"A Christian is a perfectly free lord of all, subject to none.
A Christian is a perfectly dutiful servant of all, subject to all."
And Luther goes on to explain that what keeps us in this in-between space is the Holy Spirit.

The Holy Spirit comes to us unbidden and surprising, like the leap in Elizabeth's womb, like Simeon and Anna stepping forward in the temple as Jesus is presented. The Holy Spirit comes -- and not because we are so very righteous and devout like Simeon and Anna, but because God out of infinite love sends the Spirit into our hearts. 

 The Holy Spirit rests on us.

And not because of anything we do, but because we are the children of God.

We are children called by a new name, that the mouth of the LORD has given.

We are beloved children, and heirs of the promise.

We are children who have seen God's salvation, a light for revelation and the glory of the people Israel.

We are children who take other children into our arms, and bless them, and help them grow and become strong, with the grace of God resting upon them.

We are not only children but heirs, heirs of God's hands and feet and heart, heirs that can look at the world through the eyes of God and act accordingly, out of love and joy.

Now there was a man in Jerusalem whose name was Simeon, and the Holy Spirit rested on him.

And we are a chosen people, whose name is children of God, and the Holy Spirit rests on us.

Lucky us.

Amen.

Readings for Christmas 1 (New Year's Eve / Day)

Isaiah 61:10-62:3

I will greatly rejoice in the LORD,
my whole being shall exult in my God;
for God has clothed me with the garments of salvation,
and has covered me with the robe of righteousness,
as a bridegroom decks himself with a garland,
and as a bride adorns herself with her jewels.

For as the earth brings forth its shoots,
and as a garden causes what is sown in it to spring up,
so the Lord GOD will cause righteousness and praise
to spring up before all the nations.

For Zion's sake I will not keep silent,
and for Jerusalem's sake I will not rest,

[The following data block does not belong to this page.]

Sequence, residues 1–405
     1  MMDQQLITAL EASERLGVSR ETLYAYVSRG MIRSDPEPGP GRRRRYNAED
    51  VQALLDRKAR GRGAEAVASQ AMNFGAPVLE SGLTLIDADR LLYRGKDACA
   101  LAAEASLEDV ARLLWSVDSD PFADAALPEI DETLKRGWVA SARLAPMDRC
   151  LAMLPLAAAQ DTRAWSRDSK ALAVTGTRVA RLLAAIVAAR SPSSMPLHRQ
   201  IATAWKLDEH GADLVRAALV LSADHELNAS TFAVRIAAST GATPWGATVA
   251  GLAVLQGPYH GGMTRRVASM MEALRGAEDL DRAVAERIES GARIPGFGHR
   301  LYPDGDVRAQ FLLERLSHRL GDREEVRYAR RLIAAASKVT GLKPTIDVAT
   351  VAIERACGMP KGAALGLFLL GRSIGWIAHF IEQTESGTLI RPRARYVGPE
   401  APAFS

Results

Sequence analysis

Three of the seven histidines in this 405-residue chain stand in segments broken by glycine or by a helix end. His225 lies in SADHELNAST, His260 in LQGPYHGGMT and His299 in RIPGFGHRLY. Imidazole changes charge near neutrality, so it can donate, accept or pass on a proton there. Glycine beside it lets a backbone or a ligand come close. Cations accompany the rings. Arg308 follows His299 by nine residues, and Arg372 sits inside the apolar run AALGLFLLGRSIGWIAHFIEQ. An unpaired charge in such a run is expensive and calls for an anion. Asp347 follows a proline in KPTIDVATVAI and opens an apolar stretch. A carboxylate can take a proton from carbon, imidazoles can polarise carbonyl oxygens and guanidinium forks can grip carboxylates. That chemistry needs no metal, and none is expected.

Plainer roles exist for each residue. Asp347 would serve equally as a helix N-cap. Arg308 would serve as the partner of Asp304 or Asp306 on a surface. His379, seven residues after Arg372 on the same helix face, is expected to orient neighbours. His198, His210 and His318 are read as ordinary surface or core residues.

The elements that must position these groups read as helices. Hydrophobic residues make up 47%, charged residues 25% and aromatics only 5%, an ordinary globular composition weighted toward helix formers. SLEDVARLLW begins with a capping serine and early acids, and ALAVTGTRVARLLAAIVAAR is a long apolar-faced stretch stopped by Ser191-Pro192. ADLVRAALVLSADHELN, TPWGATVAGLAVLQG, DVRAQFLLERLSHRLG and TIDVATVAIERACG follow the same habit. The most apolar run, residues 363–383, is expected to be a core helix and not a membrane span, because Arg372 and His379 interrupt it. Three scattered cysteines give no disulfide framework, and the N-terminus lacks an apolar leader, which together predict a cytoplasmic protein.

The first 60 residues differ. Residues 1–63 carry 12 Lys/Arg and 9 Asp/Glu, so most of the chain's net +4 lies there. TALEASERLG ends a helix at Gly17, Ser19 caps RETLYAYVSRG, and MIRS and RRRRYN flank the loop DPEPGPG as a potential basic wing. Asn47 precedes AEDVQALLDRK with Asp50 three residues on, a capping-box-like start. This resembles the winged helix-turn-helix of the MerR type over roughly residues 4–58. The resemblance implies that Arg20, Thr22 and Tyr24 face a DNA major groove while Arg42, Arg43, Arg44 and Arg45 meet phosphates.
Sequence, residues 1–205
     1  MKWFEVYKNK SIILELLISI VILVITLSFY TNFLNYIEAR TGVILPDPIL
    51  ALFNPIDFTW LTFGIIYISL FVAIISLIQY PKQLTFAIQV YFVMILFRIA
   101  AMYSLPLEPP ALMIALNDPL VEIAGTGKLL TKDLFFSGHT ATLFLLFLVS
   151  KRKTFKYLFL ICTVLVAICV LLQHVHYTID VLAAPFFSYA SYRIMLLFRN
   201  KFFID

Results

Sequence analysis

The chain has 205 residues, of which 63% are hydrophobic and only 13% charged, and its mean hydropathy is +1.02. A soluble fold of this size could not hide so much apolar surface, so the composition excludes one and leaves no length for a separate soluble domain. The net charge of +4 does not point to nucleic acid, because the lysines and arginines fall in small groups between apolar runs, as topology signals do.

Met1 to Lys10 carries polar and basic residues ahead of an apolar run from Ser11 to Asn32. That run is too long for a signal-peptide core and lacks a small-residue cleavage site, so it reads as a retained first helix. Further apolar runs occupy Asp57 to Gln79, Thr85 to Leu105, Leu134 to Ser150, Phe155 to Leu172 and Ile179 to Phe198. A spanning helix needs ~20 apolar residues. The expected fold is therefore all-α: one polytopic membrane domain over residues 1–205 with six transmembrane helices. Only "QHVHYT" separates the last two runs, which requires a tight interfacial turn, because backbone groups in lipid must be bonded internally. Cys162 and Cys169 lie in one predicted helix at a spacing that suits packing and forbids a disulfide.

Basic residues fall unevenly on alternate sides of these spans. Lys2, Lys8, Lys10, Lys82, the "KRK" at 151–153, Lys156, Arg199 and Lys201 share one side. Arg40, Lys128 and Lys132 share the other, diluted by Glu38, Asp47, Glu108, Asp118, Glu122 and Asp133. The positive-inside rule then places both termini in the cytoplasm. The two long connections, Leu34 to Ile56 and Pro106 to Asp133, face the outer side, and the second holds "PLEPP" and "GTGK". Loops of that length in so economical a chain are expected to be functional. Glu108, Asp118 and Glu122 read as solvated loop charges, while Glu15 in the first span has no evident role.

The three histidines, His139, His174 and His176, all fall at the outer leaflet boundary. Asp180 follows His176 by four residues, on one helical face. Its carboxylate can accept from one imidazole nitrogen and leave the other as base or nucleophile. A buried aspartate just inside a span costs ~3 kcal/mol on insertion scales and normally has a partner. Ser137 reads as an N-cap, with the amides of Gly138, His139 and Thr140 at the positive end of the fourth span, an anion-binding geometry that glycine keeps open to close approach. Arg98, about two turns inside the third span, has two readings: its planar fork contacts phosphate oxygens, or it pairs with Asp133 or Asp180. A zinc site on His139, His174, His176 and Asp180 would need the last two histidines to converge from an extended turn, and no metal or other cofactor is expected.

until her vindication shines out like the dawn,
and her salvation like a burning torch.

The nations shall see your vindication,
and all the rulers your glory;
and you shall be called by a new name
that the mouth of the LORD will give.
You shall be a crown of beauty in the hand of the LORD,
and a royal diadem in the hand of your God.

Galatians 4:4-7

When the fullness of time had come, God sent the Son, born of a woman, born under the law, in order to redeem those who were under the law, so that we might receive adoption as children. And because you are children, God has sent the Spirit of the Son into our hearts, crying, "Abba! Father!" So you are no longer a slave but a child, and if a child then also and heir, through God.

Luke 2:22-40

When the time came for their purification according to the law of Moses, Mary and Joseph brought Jesus up to Jerusalem to present him to the Lord (as it is written in the law of the Lord, “Every firstborn male shall be designated as holy to the Lord”), and they offered a sacrifice according to what is stated in the law of the Lord, “a pair of turtledoves or two young pigeons.”

Now there was a man in Jerusalem whose name was Simeon; this man was righteous and devout, looking forward to the consolation of Israel, and the Holy Spirit rested on him. It had been revealed to him by the Holy Spirit that he would not see death before he had seen the Lord’s Messiah. Guided by the Spirit, Simeon came into the temple; and when the parents brought in the child Jesus, to do for him what was customary under the law, Simeon took him in his arms and praised God, saying,

“Lord, now you are dismissing your servant in peace,
according to your word;
for my eyes have seen your salvation,
which you have prepared in the presence of all peoples,
a light for revelation to the Gentiles
and for glory to your people Israel.”

And the child’s father and mother were amazed at what was being said about him.

Then Simeon blessed them and said to his mother Mary, “This child is destined for the falling and the rising of many in Israel, and to be a sign that will be opposed so that the inner thoughts of many will be revealed—and a sword will pierce your own soul too.”

There was also a prophet, Anna the daughter of Phanuel, of the tribe of Asher. She was of a great age, having lived with her husband seven years after her marriage, then as a widow to the age of eighty-four. She never left the temple but worshiped there with fasting and prayer night and day. At that moment she came, and began to praise God and to speak about the child to all who were looking for the redemption of Jerusalem.

When they had finished everything required by the law of the Lord, they returned to Galilee, to their own town of Nazareth. The child grew and became strong, filled with wisdom; and the favor of God was upon him.